>>> Yes, that would be a very good idea - could you possibly add those two
>>> sequences?
>>> So here - like Recaman's A005132 - we have a sequence that may or may not
>>> contain every number!
>>> Thanks!  Neil
>>>
>>>
>>> On Sat, Nov 9, 2013 at 7:54 PM, Maximilian Hasler <
>>> maximilian.hasler at gmail.com> wrote:
>>>
>>>> Rob, Eric, SeqFans,
>>>> I propose the sequence as https://oeis.org/draft/A228407 where I added
>>>> a link to Rob's post/calculations, and also a list of "records of
>>>> minima", i.e., (n,a(n)) where the least missing integers occur. Maybe
>>>> these could become sequences on their own (the values and the indices
>>>> separately) if further investigations in that sense are to be made.
>>>> Regards,
>>>> Maximilian
>>>>
>>>>> Le 9 nov. 2013 à 17:10, "Rob Arthan" <rda at lemma-one.com> a écrit :
>>>>>
>>>>>> Eric,
>>>>>>
>>>>>> That's a fun sequence and an interesting conjecture. As you say, it
>>>> is not easy to calculate by hand. To get a feel
>>>>>> for the conjecture I wrote an ML program to do it. This is what I got
>>>> for the first 200 values:
>>>> (...)
>>>>>> My program is now in a loop printing out n, a(n) and m(n). The
>>>> evidence currently supports your conjecture but m(n) is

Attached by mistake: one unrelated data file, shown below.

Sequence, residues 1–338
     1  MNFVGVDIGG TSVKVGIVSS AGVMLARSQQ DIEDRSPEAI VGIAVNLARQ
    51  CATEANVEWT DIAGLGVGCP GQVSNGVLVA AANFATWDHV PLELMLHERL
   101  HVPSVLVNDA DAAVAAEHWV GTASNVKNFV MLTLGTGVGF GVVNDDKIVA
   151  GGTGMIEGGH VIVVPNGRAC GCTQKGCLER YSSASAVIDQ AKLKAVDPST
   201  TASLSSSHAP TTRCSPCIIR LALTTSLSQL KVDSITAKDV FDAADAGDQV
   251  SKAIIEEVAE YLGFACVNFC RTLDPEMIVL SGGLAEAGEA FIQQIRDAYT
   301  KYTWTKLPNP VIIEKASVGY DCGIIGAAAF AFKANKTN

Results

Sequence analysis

>>>>>> growing quite slowly:
>>>>>>
>>>>>>  a(5846) = 589, m(5846) = 598
>>>>>>  a(5847) = 598, m(5846) = 679
>>>>>>  ...
>>>>>>  a(11539) = 1617, m(11539) = 679
>>>>>>  a(11540) =  679 m(11540) = 697
>>>>>>
>>>>>> So 697 persisted as the smallest missing integer for more than 5,000
>>>> stages. I will leave it running and report back if anything noteworthy
>>>> occurs.
>>>>>>
>>>>>> Regards,
>>>>>>
>>>>>> Rob.
>>>>>>
>>>>
>>>> _______________________________________________
>>>>
>>>> Seqfan Mailing list - http://list.seqfan.eu/
>>>>
>>>
>>>
>>>
>>> --
>>> Dear Friends, I have now retired from AT&T. New coordinates:
>>>
>>> Neil J. A. Sloane, President, OEIS Foundation
>>> 11 South Adelaide Avenue, Highland Park, NJ 08904, USA.
>>> Also Visiting Scientist, Math. Dept., Rutgers University, Piscataway, NJ.
>>> Email: njasloane at gmail.com
>>>
>>>
>>
>>
>> --
>> Dear Friends, I have now retired from AT&T. New coordinates:
>>
>> Neil J. A. Sloane, President, OEIS Foundation
>> 11 South Adelaide Avenue, Highland Park, NJ 08904, USA.
>> Also Visiting Scientist, Math. Dept., Rutgers University, Piscataway, NJ.
>> Email: njasloane at gmail.com
>>
>>
>
>
> --
> Dear Friends, I have now retired from AT&T. New coordinates:
>
> Neil J. A. Sloane, President, OEIS Foundation
> 11 South Adelaide Avenue, Highland Park, NJ 08904, USA.
> Also Visiting Scientist, Math. Dept., Rutgers University, Piscataway, NJ.